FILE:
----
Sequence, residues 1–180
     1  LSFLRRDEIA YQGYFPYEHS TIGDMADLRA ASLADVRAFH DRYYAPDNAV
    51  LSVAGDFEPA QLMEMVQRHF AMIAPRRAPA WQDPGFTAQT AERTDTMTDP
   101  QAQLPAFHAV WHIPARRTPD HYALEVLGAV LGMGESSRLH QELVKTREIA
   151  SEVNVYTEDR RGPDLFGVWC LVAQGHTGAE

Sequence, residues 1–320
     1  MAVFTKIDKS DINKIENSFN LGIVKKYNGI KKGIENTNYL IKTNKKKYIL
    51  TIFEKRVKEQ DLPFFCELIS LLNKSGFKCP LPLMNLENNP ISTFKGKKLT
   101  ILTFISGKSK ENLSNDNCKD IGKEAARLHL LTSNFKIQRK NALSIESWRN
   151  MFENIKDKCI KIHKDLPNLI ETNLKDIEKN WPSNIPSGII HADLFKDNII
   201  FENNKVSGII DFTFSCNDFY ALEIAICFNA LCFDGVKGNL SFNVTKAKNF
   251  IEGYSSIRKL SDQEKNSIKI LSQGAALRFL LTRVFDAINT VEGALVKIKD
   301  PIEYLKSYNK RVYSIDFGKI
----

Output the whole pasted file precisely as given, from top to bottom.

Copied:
Sequence, residues 1–180
     1  LSFLRRDEIA YQGYFPYEHS TIGDMADLRA ASLADVRAFH DRYYAPDNAV
    51  LSVAGDFEPA QLMEMVQRHF AMIAPRRAPA WQDPGFTAQT AERTDTMTDP
   101  QAQLPAFHAV WHIPARRTPD HYALEVLGAV LGMGESSRLH QELVKTREIA
   151  SEVNVYTEDR RGPDLFGVWC LVAQGHTGAE

Sequence, residues 1–320
     1  MAVFTKIDKS DINKIENSFN LGIVKKYNGI KKGIENTNYL IKTNKKKYIL
    51  TIFEKRVKEQ DLPFFCELIS LLNKSGFKCP LPLMNLENNP ISTFKGKKLT
   101  ILTFISGKSK ENLSNDNCKD IGKEAARLHL LTSNFKIQRK NALSIESWRN
   151  MFENIKDKCI KIHKDLPNLI ETNLKDIEKN WPSNIPSGII HADLFKDNII
   201  FENNKVSGII DFTFSCNDFY ALEIAICFNA LCFDGVKGNL SFNVTKAKNF
   251  IEGYSSIRKL SDQEKNSIKI LSQGAALRFL LTRVFDAINT VEGALVKIKD
   301  PIEYLKSYNK RVYSIDFGKI